This plethora of opportunities is helped by the fact that so many different departments and people are willing to contribute. With preparations usually beginning in early August, it takes a massive amount of cooperation and coordination among several groups of people in order to make Black History Month happen.
“[I think Black History Month is so great] because faculty, staff, and students have joined together and just worked really hard to make it a good month. … Everyone brings their contribution to the whole month,” Jules-Rosette said. “I think Chancellor Khosla tries to support this through the Equity, Diversity, and Inclusion. And the EDI, they support some of the funding of it. And I think that the campus values it because they see it really works as a time of celebration.”
However, Black History Month represents more than just a mere celebration. In a way, it serves as a reminder of the racism that African-Americans and African people went and continue to go through today. For example, 2010’s Compton Cookout is still fresh in UCSD’s history, a school normally known for its diverse environment. Including the recent disruptions and disturbances made by white supremacists on campus, Black History Month is needed now more than ever.
With the total number of African-American and African students at UCSD ranging around a mere 1.5 to 2 percent of the total population, it is clear that this is a group that is severely underrepresented. In fact, UCSD only has two minors, in African studies and African-American studies, whereas schools such as UC Riverside and UCLA have full African studies majors.
For many, Black History Month serves as an important reminder of diversity. As a student, it can become easy to immerse oneself among those who share a similar race or culture. With several clubs and activities largely centering around different racial lines and distinctions, diversity can quickly become muted. But it is through events and celebrations such as these that people are given the opportunity to break out of their comfort zones and experience something outside of themselves. This represents the true significance of Black History Month — that it is not just made for Africans or African-Americans, but for everyone to partake in and share.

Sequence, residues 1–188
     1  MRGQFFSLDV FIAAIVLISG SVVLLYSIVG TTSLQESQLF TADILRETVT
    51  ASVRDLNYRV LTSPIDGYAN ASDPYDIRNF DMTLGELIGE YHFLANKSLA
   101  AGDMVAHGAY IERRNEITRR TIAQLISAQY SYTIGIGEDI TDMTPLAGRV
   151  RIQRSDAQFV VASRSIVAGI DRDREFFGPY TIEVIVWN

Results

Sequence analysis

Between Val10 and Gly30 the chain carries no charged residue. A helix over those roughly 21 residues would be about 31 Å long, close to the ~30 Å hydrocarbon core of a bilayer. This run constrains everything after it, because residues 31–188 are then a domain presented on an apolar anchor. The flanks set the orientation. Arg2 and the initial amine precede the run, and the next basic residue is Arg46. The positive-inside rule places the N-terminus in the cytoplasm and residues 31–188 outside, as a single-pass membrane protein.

“Black History Month brings out these various [racist] behaviors and it’s not like it ended with the Compton Cookout. It is ongoing on this campus … this whole floor is under the campus police patrol for the whole Black History Month, because we’ve had vandalism, we’ve had people coming in classes who weren’t supposed to be in classes. So all of the things that started with the Compton Cookout are still just under the surface,” Jules-Rosette said.
“I think the real answer to [reducing racism] is in the course, is in having students share all these things. When you have Black History Month, it’s for everybody. It’s not just for black students or students interested in black studies: It’s for the whole campus. So the more that you can promote intercultural exchange, the more racism disappears. Racism is based on lack of knowledge, lack of ability to interact with people from different cultures and backgrounds. So the more people from different cultures and backgrounds come together — whether it’s through their courses or social activities — the better.“
Not everyone has to take the African studies minor or even enroll in a course in order to become more culturally aware. At the very least, it is important in this day and age to become more open and exposed to various cultures. Black History Month gives people that opportunity. Already in full swing, it has given students a full 28 days brimming with opportunity and activity that is both open and accessible. Whether it comes to joining African dance or merely sitting and eating a meal at OVT, these activities serve as important eye-openers for UCSD students.